Scandal and corruption related to match fixing has been around for decades. Beneath the glossy image of promoted sports there are dodgy agents and players or officials who are willing to corrupt games. “It is always a pity when you witness stories of match fixing,” says sports journalist and former FIFA referee Christopher Francalanza speaking with SiGMA News. “It is like a cancer, and in my opinion, any athlete or sports administrator who manipulates the outcome of a sporting event should be penalised with the maximum sentence.”
Ignorance of the law does not make you innocent, so Boukholda should have also been given a life ban.
International Tennis Integrity Agency bans two tennis players
This month the International Tennis Integrity Agency (ITIA) banned two Algerian tennis players from the sport as a result of being found guilty of a number of match fixing activities since 2016. Mohamed Hassan has been banned from playing for life and fined US $12,100 for 29 offences during seven matches. Huria Boukholda was fined US $10,000 and banned for 18 months for 15 match fixing offences relating to five matches.
A spokesperson for ITIA said “Due to Boukholda’s age and inexperience at the time of the offences, it was determined that the player was influenced by Hassan and was therefore given a more lenient sanction.” Additionally it was noted that evidence of the offences came to light as part of ongoing law enforcement investigations in Belgium.
Francalanza notes that Hassan was ranked 1476th in the world as opposed to Boukholda who is still relatively young and unknown. He sums up that match-fixing is more common amongst “young athletes and administrators who are not paid as handsomely as champions such as for example Rafa Nadal, Novak Djokovic and others.” He observes that match-fixing in other sports usually occurs in lower leagues.
“These athletes are sometimes approached to fix games to games to make a quick buck because they are being blackmailed or experiencing some vulnerability”, he says. They may see it as an opportunity to wealth for themselves especially if they are poorly paid.
Ignorance does not make you innocent
Effectively, behind the problem of match-fixing there are usually influential criminal organisations and masterminds. Francalanza expects that any person who directly tries to manipulate a game and is found guilty of match-fixing should not be allowed to participate in any sporting event. He believes that “Ignorance of the law does not make you innocent, so Boukholda should have also been given a life ban. Albeit only the courts can provide a just ruling after hearing all the testimonies and the circumstances.”
The global problem of match fixing
It is almost impossible for match fixing to have a lone operator. One of the favoured methods is for syndicates to set up home matches so that referees who agree to fix results can be appointed. There have been cases where a whole tournament is tailored for the betting market. It is a door that is wide open for those who are determined to abuse the system. Middlemen then make money on sales and tv rights.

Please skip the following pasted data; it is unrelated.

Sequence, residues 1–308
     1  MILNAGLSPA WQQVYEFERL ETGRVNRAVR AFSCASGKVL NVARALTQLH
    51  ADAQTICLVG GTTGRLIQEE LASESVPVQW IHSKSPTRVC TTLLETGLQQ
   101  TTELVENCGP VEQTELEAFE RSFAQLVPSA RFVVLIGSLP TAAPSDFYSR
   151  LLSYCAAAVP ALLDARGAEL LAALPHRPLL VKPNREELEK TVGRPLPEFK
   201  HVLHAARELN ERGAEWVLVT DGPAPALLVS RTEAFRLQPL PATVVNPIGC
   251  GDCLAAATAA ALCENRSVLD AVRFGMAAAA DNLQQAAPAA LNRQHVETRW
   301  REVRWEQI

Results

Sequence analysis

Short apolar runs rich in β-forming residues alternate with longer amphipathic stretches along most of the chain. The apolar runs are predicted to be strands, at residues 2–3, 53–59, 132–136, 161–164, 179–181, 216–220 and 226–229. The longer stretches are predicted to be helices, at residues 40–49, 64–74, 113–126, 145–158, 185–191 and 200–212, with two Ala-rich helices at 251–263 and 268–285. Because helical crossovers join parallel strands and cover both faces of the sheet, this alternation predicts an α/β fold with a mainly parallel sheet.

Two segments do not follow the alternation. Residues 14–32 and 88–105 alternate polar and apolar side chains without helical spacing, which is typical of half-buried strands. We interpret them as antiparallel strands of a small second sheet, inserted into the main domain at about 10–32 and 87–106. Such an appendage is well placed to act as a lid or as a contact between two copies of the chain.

Francalanza describes some of his experiences when football matches were fixed. “In 2013 four National team players in Malta were handed life bans for match-fixing, and only recently, in January 2018, another scandal hit the Maltese national team. It was six under-21 players who were found guilty of match-fixing.” He recalls an incident in 2013 when a whistleblower came forward to reveal match fixing in one of the premier league teams.
More recently in 2021/22, Attard Football Club started the season with a tally of -9 points after one of their committee members admitted to trying to fix a match.
Survey by the University of Nicosia
The threat of match-fixing is very real. A report called ‘Combating Match Fixing in Club Football’ recently conducted and published by the University of Nicosia in Cyprus found that a staggering 93 out of 114 Maltese league footballers responded they suspected that an official match they played in was fixed.
Integrity in sports
Christopher Francalanza considers himself lucky as he has never encountered any match fixing during his twenty-one years experience in football. He concludes “if you do not want to be approached to manipulate matches, you must always be a person of integrity and keep your boundaries whether you are on or off the field of play. If you observe any potential conflicts of interest it is imperative to report any wrongdoing immediately.”
One however wonders if any team is immune to fixers.
Christopher Lawrence Francalanza spoke with SiGMA News. He is a former FIFA and elite football assistant referee. He retired from active refereeing at the age of 37 after 21 years. During his career Francalanza officiated in more than 250 matches at premier level in Malta and participated in 44 international high profile games abroad. He lectures journalism at MCAST and collaborates with renowned journalists on an international level taking a watchdog approach on the institutions that govern sports.